Here are two strategies that I have used to assist emerging arts entrepreneurs in the development of their ideas – into rich and promising ventures.
Students are given the assignment to find a promising area, out of which can emerge an opportunity. They are instructed to primarily look at those areas where they have the most expertise, and/or experience. For example, a pianist might be instructed to study the many innovations that have occurred in the life of the piano, and then brainstorm what works and doesn’t work in its present iteration, and then brainstorm possible improvements. Or a student who regularly attends certain types of concerts or galleries could be asked to critique the experience from top to bottom, and then identify what works well and doesn’t work well, then brainstorm possible improvements. This exercise can go in many directions – clothing, electronic devices, transportation, living conditions, etc. What’s important is that the “ideas” come from experience and expertise.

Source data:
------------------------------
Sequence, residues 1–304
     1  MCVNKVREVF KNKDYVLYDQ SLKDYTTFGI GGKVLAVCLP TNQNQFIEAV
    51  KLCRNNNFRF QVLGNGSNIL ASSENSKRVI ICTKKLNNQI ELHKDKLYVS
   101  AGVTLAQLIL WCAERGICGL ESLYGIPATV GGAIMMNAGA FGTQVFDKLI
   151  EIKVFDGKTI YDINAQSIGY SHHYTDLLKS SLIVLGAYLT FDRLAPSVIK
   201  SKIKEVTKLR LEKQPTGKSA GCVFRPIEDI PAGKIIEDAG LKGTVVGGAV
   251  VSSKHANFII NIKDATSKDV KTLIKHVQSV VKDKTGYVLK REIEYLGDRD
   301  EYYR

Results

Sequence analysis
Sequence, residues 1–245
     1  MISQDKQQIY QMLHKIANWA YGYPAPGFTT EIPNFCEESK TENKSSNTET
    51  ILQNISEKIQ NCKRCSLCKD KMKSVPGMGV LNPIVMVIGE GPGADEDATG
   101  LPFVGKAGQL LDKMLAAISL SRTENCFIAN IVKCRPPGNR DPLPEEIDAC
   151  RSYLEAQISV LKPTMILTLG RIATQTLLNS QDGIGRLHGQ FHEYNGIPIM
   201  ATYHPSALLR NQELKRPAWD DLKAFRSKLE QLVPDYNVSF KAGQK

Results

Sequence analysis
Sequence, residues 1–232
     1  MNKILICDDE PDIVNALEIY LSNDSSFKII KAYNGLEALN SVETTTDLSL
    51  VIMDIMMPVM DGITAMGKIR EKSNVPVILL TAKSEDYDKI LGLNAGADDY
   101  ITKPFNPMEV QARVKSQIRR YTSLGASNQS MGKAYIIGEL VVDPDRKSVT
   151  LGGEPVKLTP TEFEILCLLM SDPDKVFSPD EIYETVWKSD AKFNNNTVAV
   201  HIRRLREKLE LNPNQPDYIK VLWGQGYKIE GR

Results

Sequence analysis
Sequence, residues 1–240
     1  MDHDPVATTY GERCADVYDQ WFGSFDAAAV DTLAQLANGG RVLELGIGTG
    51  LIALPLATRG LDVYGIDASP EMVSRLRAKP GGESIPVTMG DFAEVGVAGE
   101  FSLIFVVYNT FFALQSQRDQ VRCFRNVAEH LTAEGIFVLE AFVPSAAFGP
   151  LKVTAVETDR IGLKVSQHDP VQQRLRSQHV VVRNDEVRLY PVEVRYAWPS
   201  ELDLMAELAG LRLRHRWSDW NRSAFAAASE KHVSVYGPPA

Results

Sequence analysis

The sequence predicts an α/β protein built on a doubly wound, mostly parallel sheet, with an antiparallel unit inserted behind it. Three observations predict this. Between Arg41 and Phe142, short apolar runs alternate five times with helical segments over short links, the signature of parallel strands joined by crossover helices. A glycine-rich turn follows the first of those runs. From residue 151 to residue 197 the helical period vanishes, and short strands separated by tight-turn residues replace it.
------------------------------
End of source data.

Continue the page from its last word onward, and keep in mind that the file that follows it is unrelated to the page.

Students share their idea (s) with their classmates. They are asked to present their idea (s) in 2 formats, an elevator speech (a short paragraph) and a full description (approximately 5 minutes). Students are then divided into small groups (3-5) and are instructed to spend 15-20 minutes expanding on the idea, with the initiator silent, taking notes. The group then is asked to critique the idea for 15-20 minutes, again with the initiator listening and taking notes. The groups come back together and the initiators are asked to report back on how their idea and their thinking about it have been transformed.
Students randomly give their ideas to another student in the class. The pairs meet for 20-30 minutes for the purpose of clarifying the ideas to the other person. The process as outlined in the First Exercise proceeds.
This Second Exercise has the potential to significantly change, and improve the initial idea. What’s important is to keep the focus of the overall activity be the formation of a venture, not ‘simply’ a great idea. Additionally, the teacher should regularly visit each critique group to insure that they are focusing as instructed, and to encourage their work. In the large group the teacher should encourage expansive thinking – challenging the class to think about larger market applications and possibilities.